Tag Archives: Berlin Wall

Cyprus, Crossing The Green Line in Nicosia

Cyprus-Map-with-Postcards

One of the places that I was determined to visit in Cyprus was the capital Nicosia.  I thought I might hire a car and drive there but I changed my mind when I saw daily coach trips advertised as a much cheaper option.  With an eye for a bargain I signed up for the tour.

What a mistake that turned out to be.  One of the first to be picked up we spent a tedious hour driving around Paphos collecting up everyone else.

Eventually however we hit the highway and were on our way.  The coach had an informative guide who entertained us with a commentary about the history of Cyprus which came to the story of the Turkish invasion and the current partition of the island into Greek South and Turkish North.

north_cyprus_2017_1

This was an interpretation from a firmly Greek Cypriot point of view in which the Turks were always the bad guys and villains but every story has two sides to it so I researched it later.  This is my neutral interpretation…

  1. During the thousand year Byzantine Period beginning in 330AD the Greeks moved to Cyprus
  2. Ottoman Empire and the Turks take control of Cyprus and suppress the Greeks in 1571
  3. 1832 and the unification of Greece and Cyprus aspires to Unity
  4. 1887 Russo-Turkish War, Turkey loses and Britain acquires Cyprus
  5. 1914 Turkey joins the WW1 on side of Germany and Britain annexes Cyprus
  6. 1955 Greek Cypriots want Britain out and a union with Greece. This is the last thing that Turkish Cypriots want
  7. 1955-59 a terrorist war in support of Union and the Turks support Britain
  8. 1959 An independent Cyprus. No union with Greece but Cyprus is one country
  9. 1974 a failed Greek backed coup d’état with objective of Union with Greece
  10. Turkey invades Cyprus and the country is partitioned and divided and remains so today. Northern Cyprus recognised by only Turkey. All of Cyprus (north and south is in the European Union as one country (very confusing). Creek Cyprus no longer aspires to Union with Greece. Diplomatic talks continue to resolve the division issue.

Facts

  1. More Turks than Greeks were killed in the troubles
  2. More British troops than Freedom Fighters were killed in the troubles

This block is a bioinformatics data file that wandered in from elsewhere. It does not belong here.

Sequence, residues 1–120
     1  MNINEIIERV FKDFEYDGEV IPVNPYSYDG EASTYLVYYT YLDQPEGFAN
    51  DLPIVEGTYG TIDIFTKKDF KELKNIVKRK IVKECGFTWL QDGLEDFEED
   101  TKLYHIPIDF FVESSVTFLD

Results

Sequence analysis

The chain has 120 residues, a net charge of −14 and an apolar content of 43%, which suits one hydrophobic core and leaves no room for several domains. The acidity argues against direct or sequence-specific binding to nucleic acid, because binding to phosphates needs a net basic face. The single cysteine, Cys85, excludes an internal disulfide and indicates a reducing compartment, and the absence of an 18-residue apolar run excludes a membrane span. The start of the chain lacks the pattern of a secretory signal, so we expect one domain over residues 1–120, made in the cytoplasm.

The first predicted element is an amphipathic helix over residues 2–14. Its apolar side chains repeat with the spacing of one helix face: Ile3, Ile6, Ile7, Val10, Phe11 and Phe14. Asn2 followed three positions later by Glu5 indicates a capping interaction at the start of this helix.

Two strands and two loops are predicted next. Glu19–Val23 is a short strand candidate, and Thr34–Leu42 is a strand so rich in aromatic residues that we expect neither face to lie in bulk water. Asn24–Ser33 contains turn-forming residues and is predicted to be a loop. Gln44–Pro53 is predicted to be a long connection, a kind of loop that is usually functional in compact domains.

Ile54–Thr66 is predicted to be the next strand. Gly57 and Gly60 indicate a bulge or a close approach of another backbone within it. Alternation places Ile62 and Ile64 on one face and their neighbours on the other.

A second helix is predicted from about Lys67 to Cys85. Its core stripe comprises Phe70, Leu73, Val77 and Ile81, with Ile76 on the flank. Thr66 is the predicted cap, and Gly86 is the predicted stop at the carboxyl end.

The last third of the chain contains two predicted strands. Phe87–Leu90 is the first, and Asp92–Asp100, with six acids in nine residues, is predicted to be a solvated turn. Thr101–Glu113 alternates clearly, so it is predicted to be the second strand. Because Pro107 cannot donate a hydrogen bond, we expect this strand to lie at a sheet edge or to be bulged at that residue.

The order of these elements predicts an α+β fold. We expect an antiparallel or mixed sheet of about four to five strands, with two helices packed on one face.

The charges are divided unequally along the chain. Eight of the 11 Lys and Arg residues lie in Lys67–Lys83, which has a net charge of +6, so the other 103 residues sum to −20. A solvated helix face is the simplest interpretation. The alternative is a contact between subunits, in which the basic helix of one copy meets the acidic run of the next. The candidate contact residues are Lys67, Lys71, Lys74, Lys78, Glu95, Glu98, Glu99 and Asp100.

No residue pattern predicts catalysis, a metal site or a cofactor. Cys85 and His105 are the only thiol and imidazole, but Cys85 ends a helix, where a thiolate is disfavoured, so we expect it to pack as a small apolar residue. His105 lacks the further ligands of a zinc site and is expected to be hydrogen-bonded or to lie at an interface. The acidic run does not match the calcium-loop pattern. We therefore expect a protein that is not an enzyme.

3. The UK Government paid out millions of pounds in compensation to Greek Cypriots who fought a guerilla war against Britain
  4. No compensation has been paid by Cyprus to the families of murdered British soldiers

As I said there are always two sides to a story and in this case there are three but the lesson for anyone who wants to make a claim for anything is that if you are going to sue anyone sue the British Government because we are real pushovers!

I wanted to see Nicosia because only recently I had visited a previously divided city – Berlin.  It is said that Nicosia is the only remaining divided city in Europe but I am not certain that this is true because I recalled visiting Belfast in Northern Ireland which has a massive wall dividing Catholics and Protestants, Unionists and Nationalists and the gates are closed every night to keep people apart.

Berlin…

Berlin Wall 04

Belfast and that is what I call a wall…

Northern Ireland Belfast Peace Line

We arrived in Nicosia about mid morning and I was immediately disappointed.  I am not sure what I was expecting but this wasn’t it.  It is a grubby sort of place, grey, boxy and falling apart and in need of a lot of attention, an awful lot of attention.  Anything worth seeing is neglected and deteriorating.  A bit like Coventry.  In 2017 Paphos was awarded European Capital of Culture status and I wondered why, ten minutes into Nicosia and I understood exactly why.

We made straight away for the border where we needed passports to cross to the Turkish side.  Not so long ago it was said that if anyone visited Northern Cyprus and had their passport stamped then they would not be allowed to visit the South or anywhere in Greece ever again.  I don’t think this is the case anymore but I was relieved when they didn’t stamp the passport because later today I wanted to return to Paphos.

Kim at the border crossing…

Nicosia border

Stepping over the border there was an immediate change of culture which was impossible to miss.  From Europe we passed into Asia with minarets, souks and bazaars, a constant call to Muslim prayers and a completely different atmosphere.  The border is called the Green Line and this is because green is a neutral colour, not the blue of Greece or the red of Turkey.  That is how sensitive people are about the partition issue.  I understood straight away why the Cyprus problem is so difficult to resolve.

The Green Line is rather like the London Underground District (Green) Line that separates north London from the South, the red of Arsenal from the blue of Chelsea.

London District Line